The Geopolitics of Katrina
by Ben P, Fri Sep 02, 2005 at 12:44:27 PM EDT
It is in this sense, then, that it seems almost as if a nuclear weapon went off in New Orleans. The people mostly have fled rather than died, but they are gone. Not all of the facilities are destroyed, but most are. It appears to us that New Orleans and its environs have passed the point of recoverability. The area can recover, to be sure, but only with the commitment of massive resources from outside -- and those resources would always be at risk to another Katrina.
The displacement of population is the crisis that New Orleans faces. It is also a national crisis, because the largest port in the United States cannot function without a city around it. The physical and business processes of a port cannot occur in a ghost town, and right now, that is what New Orleans is. It is not about the facilities, and it is not about the oil. It is about the loss of a city's population and the paralysis of the largest port in the United States.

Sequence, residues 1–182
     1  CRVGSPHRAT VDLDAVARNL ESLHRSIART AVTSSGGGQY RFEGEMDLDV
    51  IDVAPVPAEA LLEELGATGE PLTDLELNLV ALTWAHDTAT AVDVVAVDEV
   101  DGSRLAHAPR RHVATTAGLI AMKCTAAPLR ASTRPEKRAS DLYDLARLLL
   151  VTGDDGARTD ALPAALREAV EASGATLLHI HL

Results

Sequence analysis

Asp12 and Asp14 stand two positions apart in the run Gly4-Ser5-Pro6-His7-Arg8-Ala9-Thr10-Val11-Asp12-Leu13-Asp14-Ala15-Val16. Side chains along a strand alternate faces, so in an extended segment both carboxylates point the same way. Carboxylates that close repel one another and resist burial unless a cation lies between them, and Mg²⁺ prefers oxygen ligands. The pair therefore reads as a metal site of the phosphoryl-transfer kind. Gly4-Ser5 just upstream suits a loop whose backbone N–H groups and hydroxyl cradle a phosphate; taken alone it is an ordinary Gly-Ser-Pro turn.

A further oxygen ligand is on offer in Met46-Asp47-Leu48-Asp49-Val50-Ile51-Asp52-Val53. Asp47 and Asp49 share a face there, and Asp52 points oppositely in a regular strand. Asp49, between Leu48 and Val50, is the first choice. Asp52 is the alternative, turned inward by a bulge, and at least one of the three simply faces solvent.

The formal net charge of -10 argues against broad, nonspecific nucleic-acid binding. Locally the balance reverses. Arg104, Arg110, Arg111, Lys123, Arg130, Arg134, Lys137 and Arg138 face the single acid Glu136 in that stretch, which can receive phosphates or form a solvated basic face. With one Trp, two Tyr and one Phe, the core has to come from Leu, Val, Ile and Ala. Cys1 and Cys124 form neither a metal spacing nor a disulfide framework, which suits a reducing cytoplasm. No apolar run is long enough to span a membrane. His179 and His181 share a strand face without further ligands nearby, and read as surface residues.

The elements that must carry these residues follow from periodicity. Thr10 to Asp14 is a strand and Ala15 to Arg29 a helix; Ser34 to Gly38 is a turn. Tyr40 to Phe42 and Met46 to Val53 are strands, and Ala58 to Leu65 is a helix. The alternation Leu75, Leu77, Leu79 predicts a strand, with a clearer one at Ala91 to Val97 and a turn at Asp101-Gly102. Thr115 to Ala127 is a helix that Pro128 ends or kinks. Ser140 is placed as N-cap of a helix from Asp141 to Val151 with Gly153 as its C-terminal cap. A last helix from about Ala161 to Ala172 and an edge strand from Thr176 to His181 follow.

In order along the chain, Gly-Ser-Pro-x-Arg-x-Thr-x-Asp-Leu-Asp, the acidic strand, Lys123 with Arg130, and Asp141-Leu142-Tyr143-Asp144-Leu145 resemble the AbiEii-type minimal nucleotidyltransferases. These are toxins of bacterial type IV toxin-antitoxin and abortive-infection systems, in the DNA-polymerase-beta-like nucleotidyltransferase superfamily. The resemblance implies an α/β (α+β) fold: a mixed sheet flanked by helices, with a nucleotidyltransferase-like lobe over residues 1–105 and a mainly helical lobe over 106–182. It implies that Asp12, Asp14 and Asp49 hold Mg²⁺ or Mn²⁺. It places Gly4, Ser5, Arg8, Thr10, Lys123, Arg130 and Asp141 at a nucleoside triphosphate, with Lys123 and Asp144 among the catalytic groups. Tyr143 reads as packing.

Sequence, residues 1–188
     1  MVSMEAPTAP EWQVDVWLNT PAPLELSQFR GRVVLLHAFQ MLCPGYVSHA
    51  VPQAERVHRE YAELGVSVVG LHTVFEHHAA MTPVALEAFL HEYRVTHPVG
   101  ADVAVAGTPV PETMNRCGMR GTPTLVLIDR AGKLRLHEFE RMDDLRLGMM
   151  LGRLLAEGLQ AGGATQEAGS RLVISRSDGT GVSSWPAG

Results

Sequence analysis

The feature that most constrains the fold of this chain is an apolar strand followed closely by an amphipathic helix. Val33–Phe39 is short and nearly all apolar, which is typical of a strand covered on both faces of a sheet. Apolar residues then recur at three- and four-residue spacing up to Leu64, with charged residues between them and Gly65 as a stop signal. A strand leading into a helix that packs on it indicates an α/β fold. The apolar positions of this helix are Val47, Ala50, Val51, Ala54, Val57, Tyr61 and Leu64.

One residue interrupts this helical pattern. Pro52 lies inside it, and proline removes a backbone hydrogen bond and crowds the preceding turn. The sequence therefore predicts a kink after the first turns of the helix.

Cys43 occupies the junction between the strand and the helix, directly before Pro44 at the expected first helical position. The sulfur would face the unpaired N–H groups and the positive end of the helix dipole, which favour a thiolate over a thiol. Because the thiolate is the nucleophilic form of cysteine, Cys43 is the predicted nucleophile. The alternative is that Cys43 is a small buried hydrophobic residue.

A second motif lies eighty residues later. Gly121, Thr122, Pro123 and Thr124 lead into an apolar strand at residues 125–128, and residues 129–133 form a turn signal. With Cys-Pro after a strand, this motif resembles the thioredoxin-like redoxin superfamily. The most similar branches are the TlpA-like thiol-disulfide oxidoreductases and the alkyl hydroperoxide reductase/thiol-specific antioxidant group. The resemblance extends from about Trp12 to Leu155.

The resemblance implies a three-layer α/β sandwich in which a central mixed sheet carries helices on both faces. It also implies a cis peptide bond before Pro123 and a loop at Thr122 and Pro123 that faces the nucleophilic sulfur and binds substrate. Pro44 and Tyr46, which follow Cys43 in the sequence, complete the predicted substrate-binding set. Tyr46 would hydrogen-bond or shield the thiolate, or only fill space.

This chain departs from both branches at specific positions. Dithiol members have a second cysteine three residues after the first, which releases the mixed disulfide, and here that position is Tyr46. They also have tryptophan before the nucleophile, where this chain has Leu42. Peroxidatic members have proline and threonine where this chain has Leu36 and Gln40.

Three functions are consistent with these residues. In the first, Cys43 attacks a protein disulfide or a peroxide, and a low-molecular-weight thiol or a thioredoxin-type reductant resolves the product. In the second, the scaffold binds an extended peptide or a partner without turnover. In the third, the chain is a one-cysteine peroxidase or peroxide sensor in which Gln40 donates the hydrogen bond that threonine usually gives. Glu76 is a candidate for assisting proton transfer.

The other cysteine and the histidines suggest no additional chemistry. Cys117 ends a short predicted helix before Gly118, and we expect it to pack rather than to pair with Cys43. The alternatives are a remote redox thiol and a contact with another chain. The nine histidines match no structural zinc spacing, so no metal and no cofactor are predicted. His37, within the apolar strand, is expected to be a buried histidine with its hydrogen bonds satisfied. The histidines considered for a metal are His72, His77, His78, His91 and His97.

Again, right now, this is not the most pressing story. I simply cite this to note this hurricane is going to have going to have major, major ramifications. Indeed, this is - in terms of its material and human toll - a significantly more event devastating event than 9/11. I don't think it is more significant geopolitically. But in the damage it hath wrought, substantially greater. Today and Down the Road.